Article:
Improve Literacy Using Captions and Subtitles. Educators are aware that adding closed captions to video course…
Literacy is the Foundation for Education
Literacy is possibly the most important aspect of learning. It is the foundation for all other education. As Nelson Mandela puts it so eloquently,
Education is the most powerful weapon which you can use to change the world.
The ability to read and write is essential to develop solutions to social, economic, and political issues that affect us all. Yet in the United States alone, an estimated 65 million adults over the age of 16, cannot read above the eighth grade level. Additionally, 14% of the country’s population can only read at a fifth grade level or lower. Adult literacy is an issue we need to address and improve!
There are many programs that offer solutions to help improve literacy, one of the most effective ways is to incorporate captions and transcriptions into the learning curriculum.
- Captioned videos help students to improve word recognition, listening skills, comprehension and expand vocabulary. These are basic reading skills that students need to develop whether learning English as a first or second language.
- Being able to both see and hear unfamiliar words helps struggling students to develop a better understanding of those words and expand their vocabulary.
- Students tend to be more motivated to learn when they are presented with both text and captioned videos. Eyes are drawn to the words on the screen and when hearing the word spoken it becomes a great way to improve literacy and have fun at the same time.
- The use of subtitles and captions when viewing television and videos at home will provide additional learning opportunities and word recognition.
- Research indicates that reading skills are enhanced through the use of subtitles and captioning for beginning readers, those struggling to read print, those learning English as a second language and those that may have learning disabilities.
Research has also revealed that improving literacy with captioning is intuitive, requiring very little instruction. It is natural for students to try and decode words when presented with them on screen, even if they are struggling to read print. Struggling readers will gain further reading practice when watching videos with captions, both in the classroom and at home.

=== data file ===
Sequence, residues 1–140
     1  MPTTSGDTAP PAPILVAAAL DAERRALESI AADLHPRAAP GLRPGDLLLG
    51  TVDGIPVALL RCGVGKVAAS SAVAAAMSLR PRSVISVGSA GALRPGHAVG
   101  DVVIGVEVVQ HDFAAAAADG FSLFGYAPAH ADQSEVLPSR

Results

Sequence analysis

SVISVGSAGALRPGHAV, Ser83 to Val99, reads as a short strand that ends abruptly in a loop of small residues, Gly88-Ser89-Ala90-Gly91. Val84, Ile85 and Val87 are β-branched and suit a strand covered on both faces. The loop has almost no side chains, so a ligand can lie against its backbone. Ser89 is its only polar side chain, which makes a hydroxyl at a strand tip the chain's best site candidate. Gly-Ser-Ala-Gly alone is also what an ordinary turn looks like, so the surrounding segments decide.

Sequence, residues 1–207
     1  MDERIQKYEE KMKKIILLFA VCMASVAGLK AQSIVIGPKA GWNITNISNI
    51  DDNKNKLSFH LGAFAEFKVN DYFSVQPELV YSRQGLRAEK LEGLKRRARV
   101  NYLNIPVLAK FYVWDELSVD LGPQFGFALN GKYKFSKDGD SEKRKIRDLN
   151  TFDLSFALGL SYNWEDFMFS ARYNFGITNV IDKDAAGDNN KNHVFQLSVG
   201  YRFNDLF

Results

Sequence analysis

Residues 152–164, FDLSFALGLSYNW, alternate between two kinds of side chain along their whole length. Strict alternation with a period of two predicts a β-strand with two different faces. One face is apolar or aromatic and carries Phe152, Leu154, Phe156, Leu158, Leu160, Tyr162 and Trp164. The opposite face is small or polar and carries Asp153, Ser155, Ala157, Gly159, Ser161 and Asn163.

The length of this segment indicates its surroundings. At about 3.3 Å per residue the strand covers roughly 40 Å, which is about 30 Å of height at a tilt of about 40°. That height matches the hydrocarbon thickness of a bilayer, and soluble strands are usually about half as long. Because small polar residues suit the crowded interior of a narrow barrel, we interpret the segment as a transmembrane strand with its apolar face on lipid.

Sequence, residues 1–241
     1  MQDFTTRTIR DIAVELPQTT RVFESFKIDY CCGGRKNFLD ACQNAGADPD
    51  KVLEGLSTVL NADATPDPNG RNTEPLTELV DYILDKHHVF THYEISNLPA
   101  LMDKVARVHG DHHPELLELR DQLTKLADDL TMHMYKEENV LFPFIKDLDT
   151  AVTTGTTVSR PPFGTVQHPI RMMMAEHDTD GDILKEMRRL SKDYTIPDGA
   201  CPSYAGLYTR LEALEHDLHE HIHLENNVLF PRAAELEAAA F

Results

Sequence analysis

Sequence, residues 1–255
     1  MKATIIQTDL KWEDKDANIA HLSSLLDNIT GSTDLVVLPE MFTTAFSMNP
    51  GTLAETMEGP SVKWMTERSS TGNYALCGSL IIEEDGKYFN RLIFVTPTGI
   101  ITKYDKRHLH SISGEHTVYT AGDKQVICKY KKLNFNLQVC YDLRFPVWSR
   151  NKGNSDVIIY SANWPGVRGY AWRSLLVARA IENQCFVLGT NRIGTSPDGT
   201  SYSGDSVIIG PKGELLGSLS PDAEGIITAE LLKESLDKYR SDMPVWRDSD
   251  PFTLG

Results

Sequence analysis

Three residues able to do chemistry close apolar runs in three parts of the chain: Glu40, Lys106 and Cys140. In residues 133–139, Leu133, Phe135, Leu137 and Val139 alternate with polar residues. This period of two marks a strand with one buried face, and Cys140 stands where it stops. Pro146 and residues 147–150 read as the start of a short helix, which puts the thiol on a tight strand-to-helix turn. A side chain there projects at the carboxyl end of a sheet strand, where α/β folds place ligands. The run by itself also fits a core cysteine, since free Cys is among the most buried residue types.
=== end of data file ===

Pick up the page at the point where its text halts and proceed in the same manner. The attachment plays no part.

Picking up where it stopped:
Almost every classroom has at least one student who finds reading a struggle, whether it is because they are just learning or as a result of English being their second language. There is a need for creative ways to address the diverse needs of students to learn.
Teachers looking for an alternative method for teaching reading find captioned and transcribed media to be extremely helpful, particularly when video is used to teach reading skills. Using movies with captions and/or transcriptions is also a great and inexpensive way to motivate and engage students to master basic reading skills such as word recognition and phonics. Students struggling with print will often respond better to video with captions and/or transcriptions as well.
Videos and television shows with captions and transcriptions can improve:
- Fluency and reading speed
- Decoding and expansion of vocabulary
- Recognition of words
- Listening skills
- Word knowledge
- Oral reading speed
Research indicates that comprehension skills are greatly enhanced by watching videos with captions and/or transcriptions, and that vocabulary size grows, particularly for readers struggling to read.
Captioned media is particularly helpful for students learning English (or other languages) as a second language. Research has proven that the use of captions is extremely effective for learning listening comprehension, much more so than media without captions. Motivation, decoding skills, expansion of vocabulary, word recognition and comprehension aid students learning a foreign language when it is taught using videos with captions and/or transcriptions. Students often feel less intimidated and more motivated by learning a foreign language using multimedia.
Improving literacy with captioning helps students learn media in a much more enjoyable and engaging way. Learning through captioned media can also have a positive effect on other academic activities, making learning an overall more enjoyable experience.
- The Americans with Disabilities Act (ADA) Highlights and Overview
- The Web Content Accessibility Guidelines
- IDEA overview and history
- Guidance from the U.S. Department of Education
- Section 508 Compliance Overview
- Summary of 508 Compliance PDF
- Section 508 Guide for E-learning and Multimedia Technology
- GSA Tutorials, Guidance and Checklists for multimedia
- Alliance for Technology Access
- Equal Access: Design of Distance Education Learning Program
- ADA, Title III Regulations